Cellular backhaul and in-flight connectivity are two key markets for satellite players, and there are good prospects for both areas in Latin America. Euroconsult, the French-based consulting firm, has recently released new reports on both topics giving some interesting indications as to what will happen in the Latin American market.
According to Euroconsult’s latest research, satellite capacity revenues stood at around $95 million in Latin America in 2012 for cellular backhaul. Its estimates correspond to a high single-digit Compound Annual Growth Rate (CAGR) over the next 10 years, expected to reach more than $200 million by 2023.
In its “Prospects for Cellular Backhaul in Fast-Growing Economies” report, Euroconsult gives forecasts all across the cellular backhaul market. The report states that there were approximately 1,400 Base Transceiver Sites (BTS) sites in Latin America back in 2008 and that the number of cell sites backhauled over satellite has grown at double-digit rates in the past four years. This number was boosted primarily by Universal Service Obligations (USO) mandating cellular operators to expand their network to rural and semi urban areas, according to Euroconsult’s research.
The research identifies Latin America as the third largest market following Sub Saharan Africa and the region defined as “Rest of Asia” in its study (South East Asia & China) for satellite backhaul, both in terms of number of BTS sites backhauled over satellite and satellite capacity used.
Euroconsult also says Latin America has been a fast growing mobile market with growing usage of satellite as a means for backhauling voice and data traffic. Out of the 225,000 BTSs Euroconsult estimates were installed in 2012 in the region, approximately 3,000 are backhauled over satellite (i.e. 1.3 percent).
Unsurprisingly, Brazil is seen as the key market in the region for satellite backhaul. Euroconsult says the country has by far the largest number of BTS sites backhauled through satellite in Latin America with more than 800 units. It adds that the market has grown at a double-digit rate with all leading mobile operators expanding their networks.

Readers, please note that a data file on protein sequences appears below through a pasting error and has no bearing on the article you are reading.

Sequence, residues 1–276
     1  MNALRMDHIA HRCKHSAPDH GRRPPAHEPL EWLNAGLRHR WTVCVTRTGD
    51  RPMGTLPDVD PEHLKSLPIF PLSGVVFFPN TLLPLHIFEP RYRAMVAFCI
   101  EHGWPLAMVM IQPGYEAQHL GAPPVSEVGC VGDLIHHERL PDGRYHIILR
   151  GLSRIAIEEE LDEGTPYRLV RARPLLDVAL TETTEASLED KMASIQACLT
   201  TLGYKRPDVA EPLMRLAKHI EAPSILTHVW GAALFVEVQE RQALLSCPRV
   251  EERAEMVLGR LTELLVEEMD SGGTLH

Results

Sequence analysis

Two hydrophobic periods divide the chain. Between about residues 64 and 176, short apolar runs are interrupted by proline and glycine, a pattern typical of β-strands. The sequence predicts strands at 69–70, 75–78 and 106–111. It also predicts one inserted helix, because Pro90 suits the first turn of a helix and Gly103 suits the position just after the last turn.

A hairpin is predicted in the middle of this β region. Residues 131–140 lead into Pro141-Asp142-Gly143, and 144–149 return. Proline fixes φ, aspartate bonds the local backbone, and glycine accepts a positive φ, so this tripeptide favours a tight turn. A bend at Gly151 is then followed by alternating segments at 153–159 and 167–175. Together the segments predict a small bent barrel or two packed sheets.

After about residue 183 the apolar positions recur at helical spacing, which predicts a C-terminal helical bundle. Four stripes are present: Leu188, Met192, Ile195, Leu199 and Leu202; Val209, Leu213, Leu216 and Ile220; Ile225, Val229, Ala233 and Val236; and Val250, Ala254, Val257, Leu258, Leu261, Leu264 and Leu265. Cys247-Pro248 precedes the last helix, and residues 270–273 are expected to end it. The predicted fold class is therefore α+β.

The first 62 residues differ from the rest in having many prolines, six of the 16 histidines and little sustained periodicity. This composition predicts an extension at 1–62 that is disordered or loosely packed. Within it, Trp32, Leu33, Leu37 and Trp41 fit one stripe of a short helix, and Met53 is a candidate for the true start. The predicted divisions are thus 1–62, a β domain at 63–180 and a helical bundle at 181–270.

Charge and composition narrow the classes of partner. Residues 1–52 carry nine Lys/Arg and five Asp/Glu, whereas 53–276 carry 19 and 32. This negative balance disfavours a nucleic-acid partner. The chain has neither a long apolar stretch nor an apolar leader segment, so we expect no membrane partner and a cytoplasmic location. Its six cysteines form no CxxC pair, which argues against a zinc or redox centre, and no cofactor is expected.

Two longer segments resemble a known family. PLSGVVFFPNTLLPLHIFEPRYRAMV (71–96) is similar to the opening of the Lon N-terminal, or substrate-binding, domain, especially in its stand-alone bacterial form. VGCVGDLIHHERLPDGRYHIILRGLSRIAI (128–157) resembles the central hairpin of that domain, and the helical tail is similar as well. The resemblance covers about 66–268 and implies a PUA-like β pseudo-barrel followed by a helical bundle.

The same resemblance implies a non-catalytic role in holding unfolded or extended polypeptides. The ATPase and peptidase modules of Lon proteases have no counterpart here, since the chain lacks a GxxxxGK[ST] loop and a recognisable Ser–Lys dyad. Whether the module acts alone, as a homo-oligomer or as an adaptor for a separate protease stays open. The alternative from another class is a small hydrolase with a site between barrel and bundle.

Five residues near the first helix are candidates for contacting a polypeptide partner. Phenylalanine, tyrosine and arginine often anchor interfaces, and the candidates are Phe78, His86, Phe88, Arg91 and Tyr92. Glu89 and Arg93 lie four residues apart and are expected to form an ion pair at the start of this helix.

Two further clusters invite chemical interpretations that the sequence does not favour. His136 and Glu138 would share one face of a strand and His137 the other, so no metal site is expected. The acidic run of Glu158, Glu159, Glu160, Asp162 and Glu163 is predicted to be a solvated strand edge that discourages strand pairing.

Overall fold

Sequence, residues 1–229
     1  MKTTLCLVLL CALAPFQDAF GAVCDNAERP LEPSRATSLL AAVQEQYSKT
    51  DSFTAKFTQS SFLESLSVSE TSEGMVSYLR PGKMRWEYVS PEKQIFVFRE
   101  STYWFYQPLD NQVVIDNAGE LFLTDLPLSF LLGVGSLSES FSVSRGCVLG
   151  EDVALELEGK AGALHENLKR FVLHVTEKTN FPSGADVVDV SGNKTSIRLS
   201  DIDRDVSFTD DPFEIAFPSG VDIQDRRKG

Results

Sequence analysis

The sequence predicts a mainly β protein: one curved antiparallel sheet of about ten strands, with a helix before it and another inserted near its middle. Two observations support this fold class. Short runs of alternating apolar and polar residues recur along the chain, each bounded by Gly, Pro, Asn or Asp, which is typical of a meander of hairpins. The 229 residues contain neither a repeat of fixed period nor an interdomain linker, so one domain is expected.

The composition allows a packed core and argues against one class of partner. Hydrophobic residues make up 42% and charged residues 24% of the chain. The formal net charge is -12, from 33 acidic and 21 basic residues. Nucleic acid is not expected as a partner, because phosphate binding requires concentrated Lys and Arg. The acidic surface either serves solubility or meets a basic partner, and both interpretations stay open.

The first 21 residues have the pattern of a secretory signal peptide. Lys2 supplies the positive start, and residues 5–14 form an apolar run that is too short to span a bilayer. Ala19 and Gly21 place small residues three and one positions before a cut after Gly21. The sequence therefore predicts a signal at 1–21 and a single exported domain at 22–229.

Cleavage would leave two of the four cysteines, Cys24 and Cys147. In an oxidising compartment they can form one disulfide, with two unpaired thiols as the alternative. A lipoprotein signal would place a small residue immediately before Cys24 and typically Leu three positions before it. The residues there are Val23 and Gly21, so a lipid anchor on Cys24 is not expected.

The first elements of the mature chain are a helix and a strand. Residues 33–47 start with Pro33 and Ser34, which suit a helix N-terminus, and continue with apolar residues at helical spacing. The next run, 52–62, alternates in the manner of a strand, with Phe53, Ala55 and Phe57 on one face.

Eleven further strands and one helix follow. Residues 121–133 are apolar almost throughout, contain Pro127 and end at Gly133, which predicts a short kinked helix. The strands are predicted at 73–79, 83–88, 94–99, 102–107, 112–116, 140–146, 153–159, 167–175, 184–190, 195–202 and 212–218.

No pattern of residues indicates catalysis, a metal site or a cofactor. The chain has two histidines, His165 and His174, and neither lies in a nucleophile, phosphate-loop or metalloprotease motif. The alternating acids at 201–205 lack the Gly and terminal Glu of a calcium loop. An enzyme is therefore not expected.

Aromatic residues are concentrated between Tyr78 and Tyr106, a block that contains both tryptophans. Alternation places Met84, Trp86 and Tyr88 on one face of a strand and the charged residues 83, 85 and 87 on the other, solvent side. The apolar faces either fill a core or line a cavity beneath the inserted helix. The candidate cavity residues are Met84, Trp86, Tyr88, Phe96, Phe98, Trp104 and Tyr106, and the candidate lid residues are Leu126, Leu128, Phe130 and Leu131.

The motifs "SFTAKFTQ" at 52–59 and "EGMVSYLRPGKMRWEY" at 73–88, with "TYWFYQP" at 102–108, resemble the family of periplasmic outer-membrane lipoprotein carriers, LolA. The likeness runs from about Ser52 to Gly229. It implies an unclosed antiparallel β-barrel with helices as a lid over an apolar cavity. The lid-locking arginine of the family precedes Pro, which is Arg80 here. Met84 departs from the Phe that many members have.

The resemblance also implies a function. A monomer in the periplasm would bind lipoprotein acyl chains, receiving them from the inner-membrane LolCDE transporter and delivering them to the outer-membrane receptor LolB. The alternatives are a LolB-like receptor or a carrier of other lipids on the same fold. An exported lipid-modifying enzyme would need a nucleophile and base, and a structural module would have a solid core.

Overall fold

Euroconsult identified difficult terrains with mountains, forests and flat to rolling plain lands, growing mobile data traffic, economic growth and the USO/government mandate pushing mobile coverage in rural and semi urban areas as key growth drivers. Additionally, Brazil presents a high growth potential in the future considering anticipated sustained growth in mobile subscriptions, mandate to improve coverage in rural white areas, and the wide roll out of 3G networks, according to Euroconsult.
However, the satellite backhaul market in Latin America is more than just Brazil. Euroconsult pinpoints Peru, Mexico, Bolivia, Argentina and Colombia as other major countries for satellite backhaul. But the company says growth in Peru – currently the second largest market in terms of sites – is estimated to have slowed down in recent years, the main reason being the extension of a national fiber backbone network.
In Flight Connectivity
Latin America could prove a tough market to crack in terms of in-flight connectivity. This is the view of Wei Li, a senior consultant at Euroconsult. He says the region will not see the take-up of services compared to Asia, for example.
“Asia-Pacific is expected to have the highest growth for in-flight connectivity, with a CAGR of 34 percent over the ten-year period, followed by Latin America. However, Latin America is currently the smallest region in terms of connected aircraft and is expected to remain in that position in the next ten years,” says Li. “The Middle East & Africa region, is expected to have a relatively high growth rate, driven especially by the Middle East region.”
Slow progress is expected in the next few months with airlines looking cautiously at the opportunities in terms of how they can monetize this market. “The general trend is that airline from all regions, nascent or established, will adopt the connectivity service sooner or later, while a longer time will be needed for the regions with strong regulatory barriers and difficult economic conditions. The Latin American market is still at its infancy stage for both in-flight connectivity and the commercial airline sector itself, and we do not expect the majority of the airlines to have the service in the next 12 months,” adds Li.
All eyes will be on companies like the LATAM Airlines Group, which is likely to be one of the first airlines to launch these types of services. “Providers are eying the market because the region has huge potential, and we believe a few more airlines will start to retrofit their current fleet and procure line fit connectivity with new planes. A typical way of conducting business is to have one or two aircraft in trial before the real launch of the service. To our knowledge, currently there’s only a small number of airlines performing this trial. In addition, we will not speculate whether those installations will happen in 2014 or 2015,” adds Li.
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